A Conversation between Freya Blackwood and Zanni Louise at BSAB October 2022
New to the world of picture books, I had the privilege (and it was a privilege) to lean in, along with about 100 others in the auditorium, to a conversation between two gentle and humble giants of the world of picture books: author/illustrator Freya Blackwood and author Zanni Louise. Their respective practical and experiential wisdom was generously shared with those of us in the room, with good will, humility and good humour (there were plenty of giggles). Safe to say, we were all there to connect with our tribe and to fill our cups with some pearls to take away and reflect on; whether novices or well-seasoned professionals in the art of children’s literature.
That picture book creation is an art, is a point that was appropriately made several times; and the myth would again be debunked that writing and illustrating books that children (and the adults in their lives) will want to read, was easy work. Both presenters have long and noteworthy careers in this space, yet they kept affirming the continuous learning that their respective careers have required. Both presenters have work that has found a place to nest, in The White Raven, the prestigious international children’s catalogue: Freya’s Harry and Hopper (in 2010) and Zanni’s Archie and the Bear (in 2018). The conversation flowed backwards and forwards, as each one answered questions from the other, thus appeasing the curiosity floating above our heads in that room and vying for appeasement.
Freya, whose picture book illustration career began with the publication of Two Summers (Scholastic Press) almost 20 years ago, and who has since illustrated many award-winning books, explained to the writers and aspiring writers in our midst that ‘when you come across a manuscript that’s very well written, it’s a whole lot easier to illustrate’. We were treated to some of the images from her work, including the wordless picture book, The Boy and the Elephant. She went on to say that she had ‘learnt how to accentuate emotional elements within a story’ (for example, using space beside characters to depict isolation). The importance of the need to think laterally was illustrated anecdotally; using the concept of the ‘blanket’ as a metaphor for language in My Two Blankets. Yet, we were reminded that the reader has to also be given room to do their work on the page; and that the illustrator must leave spaces on the page and in the illustrations for this to happen, telling us that even the back of a head can tell so much about how someone’s feeling.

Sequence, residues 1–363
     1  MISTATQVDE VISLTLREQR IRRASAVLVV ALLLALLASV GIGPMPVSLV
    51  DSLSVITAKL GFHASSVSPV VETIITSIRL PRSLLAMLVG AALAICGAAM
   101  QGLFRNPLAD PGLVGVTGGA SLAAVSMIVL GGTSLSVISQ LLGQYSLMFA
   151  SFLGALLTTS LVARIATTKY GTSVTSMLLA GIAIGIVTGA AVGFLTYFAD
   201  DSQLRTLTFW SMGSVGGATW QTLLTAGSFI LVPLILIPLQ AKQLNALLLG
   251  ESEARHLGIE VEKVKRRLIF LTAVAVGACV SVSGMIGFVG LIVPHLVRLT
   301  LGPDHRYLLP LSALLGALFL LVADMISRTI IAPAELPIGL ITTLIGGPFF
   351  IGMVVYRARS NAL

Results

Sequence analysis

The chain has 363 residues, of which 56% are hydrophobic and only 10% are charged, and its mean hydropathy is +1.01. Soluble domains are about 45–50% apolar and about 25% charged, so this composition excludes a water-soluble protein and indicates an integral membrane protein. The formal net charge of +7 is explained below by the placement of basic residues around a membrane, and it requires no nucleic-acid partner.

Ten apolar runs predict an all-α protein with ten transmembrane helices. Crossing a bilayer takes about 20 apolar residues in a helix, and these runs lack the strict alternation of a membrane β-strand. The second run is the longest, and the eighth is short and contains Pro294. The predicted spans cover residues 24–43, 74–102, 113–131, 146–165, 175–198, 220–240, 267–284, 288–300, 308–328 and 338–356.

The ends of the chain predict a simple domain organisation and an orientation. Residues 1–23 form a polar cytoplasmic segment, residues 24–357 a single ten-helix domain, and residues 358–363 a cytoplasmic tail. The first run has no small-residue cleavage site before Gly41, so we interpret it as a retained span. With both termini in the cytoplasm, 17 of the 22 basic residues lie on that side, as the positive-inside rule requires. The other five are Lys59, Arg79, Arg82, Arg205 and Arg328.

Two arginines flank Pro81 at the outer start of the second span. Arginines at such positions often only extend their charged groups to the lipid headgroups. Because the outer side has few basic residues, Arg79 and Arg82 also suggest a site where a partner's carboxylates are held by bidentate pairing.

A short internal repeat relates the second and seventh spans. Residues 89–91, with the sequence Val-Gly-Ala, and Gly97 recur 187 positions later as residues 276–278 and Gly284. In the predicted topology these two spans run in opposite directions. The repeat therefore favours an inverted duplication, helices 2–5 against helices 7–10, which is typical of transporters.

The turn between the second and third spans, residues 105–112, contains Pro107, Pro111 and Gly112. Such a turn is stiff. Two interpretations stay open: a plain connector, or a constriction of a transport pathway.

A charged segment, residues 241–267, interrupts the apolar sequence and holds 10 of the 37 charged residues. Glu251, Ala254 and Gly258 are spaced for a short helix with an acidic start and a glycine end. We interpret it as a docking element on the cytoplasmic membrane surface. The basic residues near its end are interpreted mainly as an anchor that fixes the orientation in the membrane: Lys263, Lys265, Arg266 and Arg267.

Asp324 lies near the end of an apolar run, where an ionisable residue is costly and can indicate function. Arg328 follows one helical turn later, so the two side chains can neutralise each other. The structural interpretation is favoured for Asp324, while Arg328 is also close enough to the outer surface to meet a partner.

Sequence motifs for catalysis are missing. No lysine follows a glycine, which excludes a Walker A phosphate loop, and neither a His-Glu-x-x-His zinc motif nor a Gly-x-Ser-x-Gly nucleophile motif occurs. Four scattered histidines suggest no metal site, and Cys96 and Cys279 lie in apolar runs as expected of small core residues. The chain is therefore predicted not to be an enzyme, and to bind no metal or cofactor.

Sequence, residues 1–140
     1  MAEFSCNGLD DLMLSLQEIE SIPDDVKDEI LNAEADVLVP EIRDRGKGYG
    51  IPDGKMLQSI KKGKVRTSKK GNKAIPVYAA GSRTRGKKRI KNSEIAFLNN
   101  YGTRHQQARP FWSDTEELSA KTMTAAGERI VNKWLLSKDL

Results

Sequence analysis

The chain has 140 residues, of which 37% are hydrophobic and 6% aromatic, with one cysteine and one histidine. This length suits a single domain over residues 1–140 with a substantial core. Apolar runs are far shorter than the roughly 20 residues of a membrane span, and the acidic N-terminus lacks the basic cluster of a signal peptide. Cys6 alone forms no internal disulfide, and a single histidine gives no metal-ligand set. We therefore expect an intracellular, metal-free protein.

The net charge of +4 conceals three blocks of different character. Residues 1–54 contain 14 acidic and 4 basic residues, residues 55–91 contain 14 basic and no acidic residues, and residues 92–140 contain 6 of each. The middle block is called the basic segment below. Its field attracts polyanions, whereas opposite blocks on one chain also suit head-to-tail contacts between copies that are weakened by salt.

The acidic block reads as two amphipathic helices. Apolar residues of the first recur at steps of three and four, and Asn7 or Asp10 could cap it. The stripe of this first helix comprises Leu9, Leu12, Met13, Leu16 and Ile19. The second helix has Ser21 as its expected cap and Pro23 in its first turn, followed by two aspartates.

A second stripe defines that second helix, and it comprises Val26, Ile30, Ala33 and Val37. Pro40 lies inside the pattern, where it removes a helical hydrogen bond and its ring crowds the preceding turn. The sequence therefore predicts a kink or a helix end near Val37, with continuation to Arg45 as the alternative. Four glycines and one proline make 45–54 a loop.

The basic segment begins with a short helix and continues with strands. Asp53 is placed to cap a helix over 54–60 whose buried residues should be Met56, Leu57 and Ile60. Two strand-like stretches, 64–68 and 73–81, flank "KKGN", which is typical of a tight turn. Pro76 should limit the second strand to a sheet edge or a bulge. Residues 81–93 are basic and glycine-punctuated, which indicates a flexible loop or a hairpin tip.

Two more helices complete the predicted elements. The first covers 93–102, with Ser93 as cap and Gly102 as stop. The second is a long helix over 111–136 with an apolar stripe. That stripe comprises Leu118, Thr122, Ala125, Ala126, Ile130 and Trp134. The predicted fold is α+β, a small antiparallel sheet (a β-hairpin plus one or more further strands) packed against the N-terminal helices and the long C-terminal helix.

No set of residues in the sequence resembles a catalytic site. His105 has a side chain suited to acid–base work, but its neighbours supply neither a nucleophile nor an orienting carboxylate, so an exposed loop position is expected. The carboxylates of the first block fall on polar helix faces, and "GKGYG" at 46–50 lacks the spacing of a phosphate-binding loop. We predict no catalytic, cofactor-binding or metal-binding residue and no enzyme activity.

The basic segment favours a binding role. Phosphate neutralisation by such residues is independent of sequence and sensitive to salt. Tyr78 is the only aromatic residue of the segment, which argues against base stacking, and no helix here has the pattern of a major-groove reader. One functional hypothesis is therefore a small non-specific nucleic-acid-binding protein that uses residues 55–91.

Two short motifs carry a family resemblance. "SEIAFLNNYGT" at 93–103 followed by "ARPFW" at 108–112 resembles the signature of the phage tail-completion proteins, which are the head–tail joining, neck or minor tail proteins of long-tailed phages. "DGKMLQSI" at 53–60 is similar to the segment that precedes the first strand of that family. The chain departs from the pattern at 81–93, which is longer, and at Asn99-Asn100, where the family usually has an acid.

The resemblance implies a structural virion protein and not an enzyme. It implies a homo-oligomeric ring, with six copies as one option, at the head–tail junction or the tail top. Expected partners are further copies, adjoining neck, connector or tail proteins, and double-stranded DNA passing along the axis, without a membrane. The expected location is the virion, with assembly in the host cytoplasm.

Zanni’s publications and experience go beyond picture books. She agreed that things ‘don’t have to be literal in picture books’ because so much that is really important, ‘happens off the page’. She sees her role as author to ‘put in as little as possible so that the child can have as much room as possible’. She made the point that ‘the child has to realise itself, find the solution itself.’ Her advice on how to do this? Take away adult characters. Pull them back and let the children come to the foreground.
On the topic of illustration notes, Zanni insisted that there be none, except perhaps for end notes. We were reminded that the storyboard for a picture book rarely goes beyond the 32 pages and 500 word limit. When the question was asked about the value of illustration notes in the manuscript, a personal example was used in reply: when submitting her picture book manuscript for Too Busy Sleeping, ‘it was just the words on a page’ that were submitted to her publisher.
Picture books are almost synonymous with rhyme in the minds of many, yet when the question came up, some very interesting points were made in response. The discussion meandered through the territory of foreign sales, where rhyme becomes complicated or lost in translation. Translation aside, Zanni agreed that while she did use rhyme, it was difficult to write in rhyme and do it well.
The session passed quickly and my shorthand days were over long ago, but I hopefully managed to scribe (umm scribble, barely legibly) enough to take on my own picture book adventures; perhaps the same for you?
Written by Nicki Cassimatis
Nicki Cassimatis is an experienced language and pastoral care teacher, workshop facilitator and published poet. She is a passionate advocate for poetry as a tool for self-care and authentic joy-filled living. She is currently working on her first picture book. Follow Nicki on Facebook at VC Poetry: Poetic Care For the Soul.
Photo credit: Zanni Louise & Annaleise Byrd
Blog coordinator: Sandhya Parappukkaran